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Employee benefits systems show a decline in pension plan participants according to the Employee Benefit Research Institute. Yet, there is improvement over the 1970s.
The following is based on analysis from the Employee Benefit Research Institute (EBRI) released in October 2010:
54.4% of full-time, full-year wage and salary workers participated in retirement employee benefits systems in 2009. In 1999, that figure was higher, closer to 60%.
The rate of employer sponsorship of plans also dropped during that same timeframe between 1999 and 2009 from 69.4% to 61.8%.
It seems that employee benefits systems continue to feel the pressure of the recent economic downturn--so much so that the number of American workers participating in a retirement plan continued to decrease in 2009, reaching its lowest level in a decade. The EBRI analysis shows that among all workers 39.6% participated in a retirement plan in 2009, about a percentage point less than 2008 and down almost 5 percentage points from the high of 44.4% registered in 2000.
As of February 2010, approximately 75 million American workers, one-half of the labor force, did not have the opportunity to participate in employer pension plans. These workers are concentrated in agricultural, construction, and retail industries, all of which sectors have many small businesses.
In fact, one-fourth of companies employing 100 or more workers were not offering employer pension plans in 2009 and likely aren't today.
Workers in small firms with fewer than 100 employees are much less likely than larger businesses to have a retirement plan available to them, according to a study released in 2010 by the Small Business Administration. The study used nationally representative employee benefits systems data from the Census Bureau's Survey of Income and Program Participation.
Nearly 72 percent of workers in small companies have no retirement plan available. One reason smaller firms may not offer employee benefits systems for retirement is the cost of setting up and running a retirement plan.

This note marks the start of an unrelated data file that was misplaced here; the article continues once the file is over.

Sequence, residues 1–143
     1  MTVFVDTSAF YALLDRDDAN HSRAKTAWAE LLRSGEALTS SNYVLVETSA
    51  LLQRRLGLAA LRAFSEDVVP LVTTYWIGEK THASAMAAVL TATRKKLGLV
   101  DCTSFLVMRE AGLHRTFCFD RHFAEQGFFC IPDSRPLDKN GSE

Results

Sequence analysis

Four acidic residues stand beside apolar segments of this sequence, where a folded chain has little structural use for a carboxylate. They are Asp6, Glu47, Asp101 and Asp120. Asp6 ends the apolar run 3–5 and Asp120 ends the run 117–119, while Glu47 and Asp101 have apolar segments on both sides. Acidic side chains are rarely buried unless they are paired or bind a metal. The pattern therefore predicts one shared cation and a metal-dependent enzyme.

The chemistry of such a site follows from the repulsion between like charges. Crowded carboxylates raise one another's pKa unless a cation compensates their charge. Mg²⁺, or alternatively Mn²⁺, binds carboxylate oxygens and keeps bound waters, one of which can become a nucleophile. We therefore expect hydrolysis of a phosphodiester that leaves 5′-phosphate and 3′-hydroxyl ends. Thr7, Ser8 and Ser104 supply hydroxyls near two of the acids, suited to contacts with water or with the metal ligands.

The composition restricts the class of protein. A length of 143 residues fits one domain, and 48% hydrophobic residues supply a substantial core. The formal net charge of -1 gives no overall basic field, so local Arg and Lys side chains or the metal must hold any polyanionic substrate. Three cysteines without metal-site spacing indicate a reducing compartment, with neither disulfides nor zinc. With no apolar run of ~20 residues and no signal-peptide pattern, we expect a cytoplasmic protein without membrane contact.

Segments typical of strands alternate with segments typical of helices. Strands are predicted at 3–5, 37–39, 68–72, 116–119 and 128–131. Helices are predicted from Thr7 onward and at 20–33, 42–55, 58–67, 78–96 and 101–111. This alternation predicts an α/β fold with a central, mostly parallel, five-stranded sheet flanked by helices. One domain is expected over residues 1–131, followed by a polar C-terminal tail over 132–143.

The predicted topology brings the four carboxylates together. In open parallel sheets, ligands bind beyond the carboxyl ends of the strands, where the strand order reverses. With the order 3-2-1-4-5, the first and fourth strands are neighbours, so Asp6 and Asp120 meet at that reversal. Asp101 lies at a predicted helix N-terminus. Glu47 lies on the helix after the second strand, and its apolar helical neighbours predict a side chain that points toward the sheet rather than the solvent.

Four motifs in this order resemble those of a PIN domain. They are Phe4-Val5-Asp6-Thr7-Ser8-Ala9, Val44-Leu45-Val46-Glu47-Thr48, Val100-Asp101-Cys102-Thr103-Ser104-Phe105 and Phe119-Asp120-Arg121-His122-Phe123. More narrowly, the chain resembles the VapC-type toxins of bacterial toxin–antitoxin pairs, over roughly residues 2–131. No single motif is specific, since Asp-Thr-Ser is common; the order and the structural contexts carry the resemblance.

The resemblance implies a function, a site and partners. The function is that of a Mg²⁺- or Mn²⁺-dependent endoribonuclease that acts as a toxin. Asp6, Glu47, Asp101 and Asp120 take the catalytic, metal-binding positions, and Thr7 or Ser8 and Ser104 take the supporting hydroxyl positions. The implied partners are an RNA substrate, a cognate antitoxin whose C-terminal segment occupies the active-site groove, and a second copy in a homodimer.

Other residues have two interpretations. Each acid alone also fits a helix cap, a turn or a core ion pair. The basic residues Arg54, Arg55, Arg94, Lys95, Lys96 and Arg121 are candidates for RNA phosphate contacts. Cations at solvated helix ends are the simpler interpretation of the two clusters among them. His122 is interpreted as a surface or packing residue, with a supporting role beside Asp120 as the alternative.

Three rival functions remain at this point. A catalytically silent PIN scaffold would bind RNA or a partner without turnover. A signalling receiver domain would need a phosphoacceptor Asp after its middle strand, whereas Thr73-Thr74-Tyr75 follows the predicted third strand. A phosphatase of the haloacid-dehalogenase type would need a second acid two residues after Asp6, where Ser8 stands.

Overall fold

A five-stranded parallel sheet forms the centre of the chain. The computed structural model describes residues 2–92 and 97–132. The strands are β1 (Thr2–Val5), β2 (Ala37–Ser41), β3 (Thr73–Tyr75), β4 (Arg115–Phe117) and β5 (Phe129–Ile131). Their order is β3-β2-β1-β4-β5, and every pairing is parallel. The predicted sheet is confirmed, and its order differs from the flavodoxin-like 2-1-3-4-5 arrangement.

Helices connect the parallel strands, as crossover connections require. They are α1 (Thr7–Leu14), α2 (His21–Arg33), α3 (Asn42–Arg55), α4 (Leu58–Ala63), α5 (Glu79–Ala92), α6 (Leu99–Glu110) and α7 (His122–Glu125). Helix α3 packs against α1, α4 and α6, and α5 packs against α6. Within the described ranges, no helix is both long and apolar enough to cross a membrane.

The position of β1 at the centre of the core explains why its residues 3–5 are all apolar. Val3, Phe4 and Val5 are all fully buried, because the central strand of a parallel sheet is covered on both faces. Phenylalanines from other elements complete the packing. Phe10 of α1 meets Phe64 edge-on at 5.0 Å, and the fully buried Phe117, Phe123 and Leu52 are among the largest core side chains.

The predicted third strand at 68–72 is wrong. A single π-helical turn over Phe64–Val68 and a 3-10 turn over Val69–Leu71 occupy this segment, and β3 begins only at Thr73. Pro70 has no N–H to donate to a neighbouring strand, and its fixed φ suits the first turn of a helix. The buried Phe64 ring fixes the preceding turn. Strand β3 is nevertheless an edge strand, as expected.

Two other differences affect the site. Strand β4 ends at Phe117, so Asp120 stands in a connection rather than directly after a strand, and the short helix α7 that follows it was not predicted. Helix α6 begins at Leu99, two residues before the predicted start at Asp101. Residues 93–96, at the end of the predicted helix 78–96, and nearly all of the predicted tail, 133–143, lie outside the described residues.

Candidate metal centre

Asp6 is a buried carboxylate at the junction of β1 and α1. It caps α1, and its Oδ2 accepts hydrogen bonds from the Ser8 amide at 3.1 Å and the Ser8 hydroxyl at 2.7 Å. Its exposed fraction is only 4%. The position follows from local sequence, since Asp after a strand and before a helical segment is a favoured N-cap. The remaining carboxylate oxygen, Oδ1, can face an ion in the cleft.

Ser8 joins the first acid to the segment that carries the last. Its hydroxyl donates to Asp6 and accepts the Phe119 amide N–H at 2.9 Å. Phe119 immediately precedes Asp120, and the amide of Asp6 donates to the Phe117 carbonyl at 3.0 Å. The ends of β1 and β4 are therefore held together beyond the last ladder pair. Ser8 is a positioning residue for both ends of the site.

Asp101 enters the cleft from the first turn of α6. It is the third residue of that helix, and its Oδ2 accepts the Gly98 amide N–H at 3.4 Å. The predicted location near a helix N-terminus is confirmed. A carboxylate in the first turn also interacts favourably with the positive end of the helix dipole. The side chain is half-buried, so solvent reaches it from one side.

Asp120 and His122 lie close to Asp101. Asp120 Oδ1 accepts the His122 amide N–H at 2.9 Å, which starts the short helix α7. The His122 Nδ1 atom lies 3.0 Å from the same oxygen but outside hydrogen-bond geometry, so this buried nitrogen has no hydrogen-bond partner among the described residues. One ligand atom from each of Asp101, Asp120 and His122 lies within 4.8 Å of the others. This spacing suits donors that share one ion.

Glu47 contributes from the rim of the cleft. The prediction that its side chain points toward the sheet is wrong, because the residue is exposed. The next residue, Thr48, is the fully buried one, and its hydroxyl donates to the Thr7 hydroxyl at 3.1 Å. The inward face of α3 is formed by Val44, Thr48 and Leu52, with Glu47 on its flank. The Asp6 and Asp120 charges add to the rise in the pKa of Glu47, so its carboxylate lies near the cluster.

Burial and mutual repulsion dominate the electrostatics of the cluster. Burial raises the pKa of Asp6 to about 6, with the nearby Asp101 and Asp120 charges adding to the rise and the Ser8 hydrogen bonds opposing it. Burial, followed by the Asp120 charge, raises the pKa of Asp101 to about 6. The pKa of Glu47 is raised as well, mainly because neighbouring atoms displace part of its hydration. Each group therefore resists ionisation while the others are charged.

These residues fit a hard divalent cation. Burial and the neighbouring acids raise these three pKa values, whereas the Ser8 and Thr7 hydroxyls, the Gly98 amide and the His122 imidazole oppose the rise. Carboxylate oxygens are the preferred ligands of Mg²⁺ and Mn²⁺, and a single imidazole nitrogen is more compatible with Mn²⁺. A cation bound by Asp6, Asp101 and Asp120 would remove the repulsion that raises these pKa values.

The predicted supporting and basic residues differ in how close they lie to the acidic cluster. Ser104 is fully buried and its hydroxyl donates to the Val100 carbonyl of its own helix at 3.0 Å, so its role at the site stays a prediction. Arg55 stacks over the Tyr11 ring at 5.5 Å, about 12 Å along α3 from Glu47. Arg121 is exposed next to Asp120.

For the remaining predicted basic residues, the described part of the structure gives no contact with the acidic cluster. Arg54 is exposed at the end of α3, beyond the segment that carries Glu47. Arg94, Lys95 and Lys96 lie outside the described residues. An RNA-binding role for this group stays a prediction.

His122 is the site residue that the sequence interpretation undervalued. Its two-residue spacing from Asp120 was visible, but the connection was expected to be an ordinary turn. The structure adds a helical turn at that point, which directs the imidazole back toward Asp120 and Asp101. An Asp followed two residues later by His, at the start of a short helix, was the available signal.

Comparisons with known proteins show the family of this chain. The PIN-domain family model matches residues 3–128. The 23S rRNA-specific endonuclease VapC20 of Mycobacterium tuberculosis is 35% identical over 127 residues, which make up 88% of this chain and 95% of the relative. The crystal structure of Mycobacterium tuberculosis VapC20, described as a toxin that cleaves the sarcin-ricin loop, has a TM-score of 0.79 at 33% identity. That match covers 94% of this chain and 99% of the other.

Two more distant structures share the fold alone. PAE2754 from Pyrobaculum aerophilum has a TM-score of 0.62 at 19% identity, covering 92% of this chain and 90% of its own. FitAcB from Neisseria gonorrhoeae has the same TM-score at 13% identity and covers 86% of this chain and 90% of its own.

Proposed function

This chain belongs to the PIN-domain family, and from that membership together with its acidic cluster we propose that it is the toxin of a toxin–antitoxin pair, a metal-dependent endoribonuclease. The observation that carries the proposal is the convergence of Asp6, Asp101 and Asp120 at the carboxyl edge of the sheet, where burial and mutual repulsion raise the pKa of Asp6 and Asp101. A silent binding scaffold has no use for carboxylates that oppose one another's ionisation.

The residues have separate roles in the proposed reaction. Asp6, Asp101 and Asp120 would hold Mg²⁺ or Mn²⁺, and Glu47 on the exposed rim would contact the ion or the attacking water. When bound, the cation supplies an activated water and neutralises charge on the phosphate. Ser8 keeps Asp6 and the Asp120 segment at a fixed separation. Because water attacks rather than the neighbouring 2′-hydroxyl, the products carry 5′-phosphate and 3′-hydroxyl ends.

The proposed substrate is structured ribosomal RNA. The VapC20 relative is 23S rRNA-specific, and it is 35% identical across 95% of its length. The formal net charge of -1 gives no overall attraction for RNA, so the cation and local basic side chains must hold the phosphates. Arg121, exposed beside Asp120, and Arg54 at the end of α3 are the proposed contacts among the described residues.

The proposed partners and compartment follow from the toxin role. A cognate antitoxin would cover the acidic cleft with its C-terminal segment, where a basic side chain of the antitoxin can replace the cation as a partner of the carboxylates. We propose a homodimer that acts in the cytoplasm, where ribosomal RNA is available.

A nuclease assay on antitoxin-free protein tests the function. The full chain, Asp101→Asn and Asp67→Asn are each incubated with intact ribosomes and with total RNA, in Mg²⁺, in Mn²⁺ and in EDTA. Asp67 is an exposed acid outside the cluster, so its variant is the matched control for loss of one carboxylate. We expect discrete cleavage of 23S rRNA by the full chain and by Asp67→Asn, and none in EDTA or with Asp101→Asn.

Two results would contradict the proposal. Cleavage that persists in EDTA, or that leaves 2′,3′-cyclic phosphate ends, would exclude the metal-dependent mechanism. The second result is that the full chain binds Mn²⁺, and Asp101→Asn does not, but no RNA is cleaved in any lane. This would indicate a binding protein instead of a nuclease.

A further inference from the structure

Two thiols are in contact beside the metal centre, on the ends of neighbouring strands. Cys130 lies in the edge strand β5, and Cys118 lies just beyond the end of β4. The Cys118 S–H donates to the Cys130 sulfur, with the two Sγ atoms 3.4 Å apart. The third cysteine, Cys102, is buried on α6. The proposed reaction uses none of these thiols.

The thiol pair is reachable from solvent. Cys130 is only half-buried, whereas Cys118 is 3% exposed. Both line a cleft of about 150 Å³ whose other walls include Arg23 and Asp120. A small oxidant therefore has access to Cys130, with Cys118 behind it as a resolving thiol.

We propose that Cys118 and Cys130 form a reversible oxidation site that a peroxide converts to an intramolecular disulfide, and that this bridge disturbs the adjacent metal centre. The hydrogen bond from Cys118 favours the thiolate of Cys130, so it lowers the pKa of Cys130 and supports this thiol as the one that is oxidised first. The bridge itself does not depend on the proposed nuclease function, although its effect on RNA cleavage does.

The U.S. Department of Labor and the American Institute of Certified Public Accountants have launched an interactive website to help small businesses select a retirement plan as part of employee benefits systems suitable for their employees.
The website, "Choosing A Retirement Solution for Your Small Business," is available at www.choosingaretirementsolution.org.
Small Business Retirement Plan Availability and Worker Participation, by Kathryn Kobe of Economic Consulting Services, finds that the number of companies offering a traditional defined benefits pension plan has been declining steadily, and almost half of all workers-about 58 million of them - don't have access to any type of retirement plan through their place of work. Moreover, another 20 million workers have employer plans available but have not enrolled in them.
Yet, thats an improvement over the 1970s.
The Investment Company Institute has found that across all income groups, retirement income from employee benefits systems is flowing better today than in the mid-1970s, when sweeping new ERISA retirement plan regulations were enacted. The study, A Look at Private-Sector Retirement Plan Income after ERISA, discovered that in 2009, 34% of retirees received income from private-sector retirement plans, compared with 21% in 1975. Relative to 2009 dollars, the median income received as private-sector pension income from employee benefits systems increased to $6,000 in 2009 from about $4,500 in 1975.
Topic: Employer Pension Plans